On “Writer’s Block”

 In writing

A friend of mine recently posted a link to a list of things to do to overcome writer’s block. Upon reading it, however, only one of the 4 things they listed actually involved writing.

It might’ve been more appropriate to call it “a list of things to do INSTEAD of writing.”

Many of my friends and I are of the school of thought that writer’s block doesn’t really exist. What we call “writer’s block” is more a lack of motivation to write, usually coupled by too many distractions keeping you from getting to your story.

And life is full of distractions, or we lose motivation on a project for various reasons. These things happen – but they can be overcome by reigniting that passion for your characters or your story. Usually, they can be overcome by simply writing SOMETHING.

Brian K Vaughn (Runaways, Saga) says that anyone who fancies themselves a writer needs to write a minimum of 7 pages per day. Could be anything, really (HOPEFULLY it’s your story), but the point is that writers write.

If someone’s having difficulty writing, I would recommend a series of writing exercises to get you going if you’re feeling unmotivated or distracted.

Some good exercises for writing would include:
1) Write a scene from a book, movie or comic without referencing the actual work; your favorite scene – something you’re passionate about.

Matt Fraction does this from pages from completed comics; he breaks them down and tries to figure out the script. He uses it as a warm up exercise.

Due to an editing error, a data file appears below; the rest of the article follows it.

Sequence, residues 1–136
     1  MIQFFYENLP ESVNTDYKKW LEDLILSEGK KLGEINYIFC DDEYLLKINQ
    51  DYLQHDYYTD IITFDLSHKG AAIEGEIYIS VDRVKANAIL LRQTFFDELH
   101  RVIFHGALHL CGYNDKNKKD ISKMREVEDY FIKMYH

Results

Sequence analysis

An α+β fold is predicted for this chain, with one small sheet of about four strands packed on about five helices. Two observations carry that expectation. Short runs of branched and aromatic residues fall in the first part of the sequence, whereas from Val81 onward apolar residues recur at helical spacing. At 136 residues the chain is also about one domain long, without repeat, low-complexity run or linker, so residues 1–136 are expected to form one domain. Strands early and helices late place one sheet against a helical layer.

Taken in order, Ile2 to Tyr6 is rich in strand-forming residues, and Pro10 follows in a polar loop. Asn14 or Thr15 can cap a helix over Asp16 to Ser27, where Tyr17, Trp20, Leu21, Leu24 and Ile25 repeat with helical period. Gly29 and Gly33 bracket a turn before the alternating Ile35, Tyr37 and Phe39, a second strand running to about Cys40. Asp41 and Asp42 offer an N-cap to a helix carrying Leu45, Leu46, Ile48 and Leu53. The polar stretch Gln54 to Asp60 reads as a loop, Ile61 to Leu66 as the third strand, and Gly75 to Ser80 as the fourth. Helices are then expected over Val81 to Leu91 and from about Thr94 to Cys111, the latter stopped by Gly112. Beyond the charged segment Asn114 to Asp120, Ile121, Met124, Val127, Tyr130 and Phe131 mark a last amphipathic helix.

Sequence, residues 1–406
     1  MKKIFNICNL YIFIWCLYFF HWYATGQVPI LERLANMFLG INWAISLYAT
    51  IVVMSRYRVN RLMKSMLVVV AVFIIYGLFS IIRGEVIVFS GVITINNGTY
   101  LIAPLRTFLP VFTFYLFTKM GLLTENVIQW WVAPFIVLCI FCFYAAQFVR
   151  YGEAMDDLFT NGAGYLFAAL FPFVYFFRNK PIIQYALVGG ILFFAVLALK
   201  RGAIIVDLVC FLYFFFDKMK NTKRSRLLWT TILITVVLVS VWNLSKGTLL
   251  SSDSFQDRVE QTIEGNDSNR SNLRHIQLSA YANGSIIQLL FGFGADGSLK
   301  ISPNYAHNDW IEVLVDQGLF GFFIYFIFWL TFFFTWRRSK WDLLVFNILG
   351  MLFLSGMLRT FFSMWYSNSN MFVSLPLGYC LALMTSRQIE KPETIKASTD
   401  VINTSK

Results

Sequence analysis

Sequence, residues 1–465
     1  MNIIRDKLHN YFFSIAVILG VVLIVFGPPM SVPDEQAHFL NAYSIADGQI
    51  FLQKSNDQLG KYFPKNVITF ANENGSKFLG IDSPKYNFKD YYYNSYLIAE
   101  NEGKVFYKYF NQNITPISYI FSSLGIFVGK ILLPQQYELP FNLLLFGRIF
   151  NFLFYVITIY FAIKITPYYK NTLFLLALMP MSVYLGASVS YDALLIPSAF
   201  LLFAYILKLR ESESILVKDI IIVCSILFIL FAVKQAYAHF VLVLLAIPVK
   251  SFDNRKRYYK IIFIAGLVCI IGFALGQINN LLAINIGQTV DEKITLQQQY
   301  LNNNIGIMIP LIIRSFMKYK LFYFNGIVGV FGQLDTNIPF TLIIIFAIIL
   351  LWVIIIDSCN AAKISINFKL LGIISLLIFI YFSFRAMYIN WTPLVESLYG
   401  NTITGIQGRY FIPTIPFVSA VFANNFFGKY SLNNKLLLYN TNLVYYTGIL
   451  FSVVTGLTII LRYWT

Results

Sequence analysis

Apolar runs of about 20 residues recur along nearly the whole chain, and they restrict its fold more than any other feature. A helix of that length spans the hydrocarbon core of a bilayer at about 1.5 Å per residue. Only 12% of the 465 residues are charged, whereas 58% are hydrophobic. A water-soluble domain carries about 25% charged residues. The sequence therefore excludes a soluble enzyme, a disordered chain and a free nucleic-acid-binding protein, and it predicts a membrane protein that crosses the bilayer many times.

2) Write a blog or diary entry, review a movie or event you went to. Something to get you in front of the keyboard. Something to get you started, to get your fingers moving, to get your mind engaged.

3) Dramatize something that happened to you the other day. Make it more interesting, more exciting, or more tragic.

Plot is built up of 4 elements: character, situation, environment, and time (Alan Moore (Watchmen, Swamp Thing) put this observation into some great essays he wrote and later published into a small comic-sized book).

Play with them in a familiar scenario, or (and I recommend this) go outside your comfort zone and write them in a different genre. What would your trip to the grocery store yesterday be like if it were a horror movie? Romantic comedy? Science fiction story? The possibilities are endless.

4) The most important thing you can do: write SOMETHING. An e-mail, a letter, your resume. Anything.

5) DO THE WORK! Is it the current scene that’s perplexing you? Skip it! Move onto another scene.

Joss Whedon (Buffy the Vampire Slayer, The Avengers) rewards himself for writing anything, and he always writes his favorite parts first. This way, he’s passionate about the work and constantly working on his favorite parts. I call this “eating the frosting first.” Hey, if it gets you writing, who cares.

What are some other writing exercises you do to help get you going?

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